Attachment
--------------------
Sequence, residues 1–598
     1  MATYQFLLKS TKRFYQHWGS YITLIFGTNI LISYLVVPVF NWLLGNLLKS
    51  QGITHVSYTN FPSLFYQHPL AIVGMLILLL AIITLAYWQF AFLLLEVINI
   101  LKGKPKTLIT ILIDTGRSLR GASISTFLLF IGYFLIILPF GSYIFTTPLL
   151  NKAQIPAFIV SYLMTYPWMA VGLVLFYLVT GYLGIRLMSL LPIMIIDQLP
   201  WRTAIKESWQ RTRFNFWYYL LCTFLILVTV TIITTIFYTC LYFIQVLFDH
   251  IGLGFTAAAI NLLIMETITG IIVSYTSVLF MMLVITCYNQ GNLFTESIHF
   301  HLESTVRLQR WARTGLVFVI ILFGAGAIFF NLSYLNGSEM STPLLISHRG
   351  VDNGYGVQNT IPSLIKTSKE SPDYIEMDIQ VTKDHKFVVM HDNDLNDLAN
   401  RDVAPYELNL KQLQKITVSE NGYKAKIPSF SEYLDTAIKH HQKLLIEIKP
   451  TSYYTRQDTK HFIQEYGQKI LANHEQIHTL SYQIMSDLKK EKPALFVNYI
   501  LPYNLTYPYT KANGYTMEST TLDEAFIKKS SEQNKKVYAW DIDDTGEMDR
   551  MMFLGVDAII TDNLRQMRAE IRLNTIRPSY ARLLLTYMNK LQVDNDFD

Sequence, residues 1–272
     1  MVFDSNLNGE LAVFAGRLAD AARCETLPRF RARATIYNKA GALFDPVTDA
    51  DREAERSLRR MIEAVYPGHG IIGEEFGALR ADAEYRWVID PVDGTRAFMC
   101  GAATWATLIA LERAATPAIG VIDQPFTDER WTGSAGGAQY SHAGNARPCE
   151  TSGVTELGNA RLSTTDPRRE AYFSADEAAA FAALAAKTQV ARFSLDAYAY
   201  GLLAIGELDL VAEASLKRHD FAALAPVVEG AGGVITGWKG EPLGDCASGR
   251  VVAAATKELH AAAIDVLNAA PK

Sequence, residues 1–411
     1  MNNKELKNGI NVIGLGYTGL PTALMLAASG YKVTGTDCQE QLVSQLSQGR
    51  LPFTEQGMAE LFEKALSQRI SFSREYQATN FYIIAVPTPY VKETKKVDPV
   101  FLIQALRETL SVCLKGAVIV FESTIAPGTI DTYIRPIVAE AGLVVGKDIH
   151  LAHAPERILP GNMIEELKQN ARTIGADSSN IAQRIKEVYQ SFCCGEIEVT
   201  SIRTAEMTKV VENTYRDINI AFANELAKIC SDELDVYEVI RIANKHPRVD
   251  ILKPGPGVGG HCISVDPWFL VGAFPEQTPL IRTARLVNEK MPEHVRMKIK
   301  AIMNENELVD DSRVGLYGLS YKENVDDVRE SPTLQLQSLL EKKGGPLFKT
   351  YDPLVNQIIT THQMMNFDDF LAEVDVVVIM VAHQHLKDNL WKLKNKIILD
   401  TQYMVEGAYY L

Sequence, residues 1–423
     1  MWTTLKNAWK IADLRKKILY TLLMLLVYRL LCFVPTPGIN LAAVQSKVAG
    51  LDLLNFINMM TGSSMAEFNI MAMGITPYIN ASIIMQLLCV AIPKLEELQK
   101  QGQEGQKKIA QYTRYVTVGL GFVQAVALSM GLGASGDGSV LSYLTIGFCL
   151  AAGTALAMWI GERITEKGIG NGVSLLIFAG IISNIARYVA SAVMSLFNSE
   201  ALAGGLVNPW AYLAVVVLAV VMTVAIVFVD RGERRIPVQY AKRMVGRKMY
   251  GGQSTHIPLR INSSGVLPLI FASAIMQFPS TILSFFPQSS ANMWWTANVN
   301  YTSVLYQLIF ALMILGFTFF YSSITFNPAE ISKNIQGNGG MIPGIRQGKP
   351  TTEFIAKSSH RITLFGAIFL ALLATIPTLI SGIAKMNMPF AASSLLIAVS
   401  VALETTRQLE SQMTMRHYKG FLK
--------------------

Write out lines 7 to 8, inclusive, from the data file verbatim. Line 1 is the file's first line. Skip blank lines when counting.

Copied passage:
   251  IGLGFTAAAI NLLIMETITG IIVSYTSVLF MMLVITCYNQ GNLFTESIHF
   301  HLESTVRLQR WARTGLVFVI ILFGAGAIFF NLSYLNGSEM STPLLISHRG